The aim of this study was to determine whether addition of plasma rich plasma in growth factors (PRGF) improves functional outcomes and histologic appearance after arthroscopic repair of full-thickness rotator cuff tears.
The study design was a randomized, double-blind, controlled clinical trial. twenty seven patients with rotator cuff tears were included. Subsequently, seven patients in whom a suboptimal biopsy was performed were excluded. Before arthroscopic repair, patients were randomly assigned to receive PRGF at the end of arthroscopy (injected first in the repaired area and then spread over the tendon suture) or only conventional surgery. A full thickness tendon biopsy was performed 2 cm posterior to the biceps tendon at the time of the surgery and repeated at the three months post op follow up guided with ultrasound (US), using the biceps tendon as parameter, taking a biopsy 2 cm posterior to it. A blinded soft tissue pathologist evaluated the synovial thickening , edema, vascular proliferation , presence of polymorphs and of chondroid metaplasia. Functional outcomes using Constant score (CS), Visual analog pain Scale (VAS) and WOSI were evaluated at the preoperative, and ant the 3, 6 12 and 24 months post op.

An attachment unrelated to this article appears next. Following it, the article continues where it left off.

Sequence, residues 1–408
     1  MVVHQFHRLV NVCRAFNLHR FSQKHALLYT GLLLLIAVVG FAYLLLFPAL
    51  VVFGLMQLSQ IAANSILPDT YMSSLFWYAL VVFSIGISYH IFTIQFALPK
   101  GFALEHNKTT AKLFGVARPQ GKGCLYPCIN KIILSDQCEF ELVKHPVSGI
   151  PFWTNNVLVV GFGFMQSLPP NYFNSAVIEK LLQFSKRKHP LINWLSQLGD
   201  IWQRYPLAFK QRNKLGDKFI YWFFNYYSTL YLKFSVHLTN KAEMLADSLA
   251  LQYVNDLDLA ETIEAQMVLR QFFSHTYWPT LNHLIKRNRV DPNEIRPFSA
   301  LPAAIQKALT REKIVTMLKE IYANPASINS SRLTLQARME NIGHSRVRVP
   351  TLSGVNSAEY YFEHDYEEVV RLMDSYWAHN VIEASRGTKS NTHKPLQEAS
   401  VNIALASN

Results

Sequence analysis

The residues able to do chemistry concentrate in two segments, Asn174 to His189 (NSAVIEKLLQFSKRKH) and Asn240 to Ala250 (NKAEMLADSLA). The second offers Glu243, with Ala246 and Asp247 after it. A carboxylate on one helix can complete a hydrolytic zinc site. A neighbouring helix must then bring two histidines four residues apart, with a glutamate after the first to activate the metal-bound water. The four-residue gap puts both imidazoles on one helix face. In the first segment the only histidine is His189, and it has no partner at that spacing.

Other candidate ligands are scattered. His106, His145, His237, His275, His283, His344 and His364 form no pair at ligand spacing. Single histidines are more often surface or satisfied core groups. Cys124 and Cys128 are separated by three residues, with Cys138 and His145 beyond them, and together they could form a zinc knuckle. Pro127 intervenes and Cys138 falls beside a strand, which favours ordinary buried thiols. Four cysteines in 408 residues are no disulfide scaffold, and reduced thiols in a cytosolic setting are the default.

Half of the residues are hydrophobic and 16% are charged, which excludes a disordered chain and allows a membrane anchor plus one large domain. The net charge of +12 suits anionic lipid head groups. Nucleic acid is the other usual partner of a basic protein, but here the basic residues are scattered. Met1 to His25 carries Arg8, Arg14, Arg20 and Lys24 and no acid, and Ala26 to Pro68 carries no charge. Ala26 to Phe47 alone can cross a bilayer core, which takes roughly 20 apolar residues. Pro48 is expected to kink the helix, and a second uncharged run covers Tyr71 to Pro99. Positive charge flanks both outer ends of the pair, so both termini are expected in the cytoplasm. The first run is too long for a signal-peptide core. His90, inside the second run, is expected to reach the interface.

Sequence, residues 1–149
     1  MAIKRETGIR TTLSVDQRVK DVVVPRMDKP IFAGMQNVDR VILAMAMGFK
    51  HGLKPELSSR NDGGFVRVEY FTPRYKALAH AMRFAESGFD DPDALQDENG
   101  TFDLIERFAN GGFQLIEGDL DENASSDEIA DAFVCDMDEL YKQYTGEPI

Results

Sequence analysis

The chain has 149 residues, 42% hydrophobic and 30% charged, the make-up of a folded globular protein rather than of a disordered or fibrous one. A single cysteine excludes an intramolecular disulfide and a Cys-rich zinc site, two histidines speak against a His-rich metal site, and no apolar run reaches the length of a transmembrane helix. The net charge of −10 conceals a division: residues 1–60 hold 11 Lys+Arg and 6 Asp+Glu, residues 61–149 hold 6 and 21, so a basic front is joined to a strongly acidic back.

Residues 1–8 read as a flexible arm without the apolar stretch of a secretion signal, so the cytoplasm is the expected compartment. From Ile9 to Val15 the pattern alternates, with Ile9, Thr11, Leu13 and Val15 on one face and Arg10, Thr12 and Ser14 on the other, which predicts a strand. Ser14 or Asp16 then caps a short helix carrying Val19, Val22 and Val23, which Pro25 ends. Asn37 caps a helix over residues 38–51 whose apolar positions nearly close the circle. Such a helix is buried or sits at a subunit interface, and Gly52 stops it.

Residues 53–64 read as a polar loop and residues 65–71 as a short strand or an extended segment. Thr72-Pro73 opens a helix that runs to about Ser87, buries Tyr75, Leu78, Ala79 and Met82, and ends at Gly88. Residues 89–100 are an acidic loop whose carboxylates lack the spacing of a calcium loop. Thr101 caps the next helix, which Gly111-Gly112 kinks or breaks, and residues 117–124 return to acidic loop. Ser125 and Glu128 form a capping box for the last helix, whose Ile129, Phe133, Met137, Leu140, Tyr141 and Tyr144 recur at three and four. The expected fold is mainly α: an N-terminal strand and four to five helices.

No patients suffered postoperative or post US guided biopsy complications. 17 of the twenty intraoperative biopsies presented a thickened sinoviotelium, but it was present in only 3 post op biopsies of the PRGF group and in all of the control group (p<0.005). The PRGF group resented a significant increase in vascular proliferation and a marked absence of chondroid metaplasia. The other paramaters, edema and presence of polymorphs were not significant. No differences were observed index functional scores, no tendon ruptures were observed with US.
The present clinical trial does support the use of plasma rich in growth factors in the arthroscopic repair of rotator cuff tears because improves vascular proliferation and decreases presence of chondroid metaplasia on the repairs tendon.
Level of Evidence: Level I, randomized, double-blind, controlled clinical trial.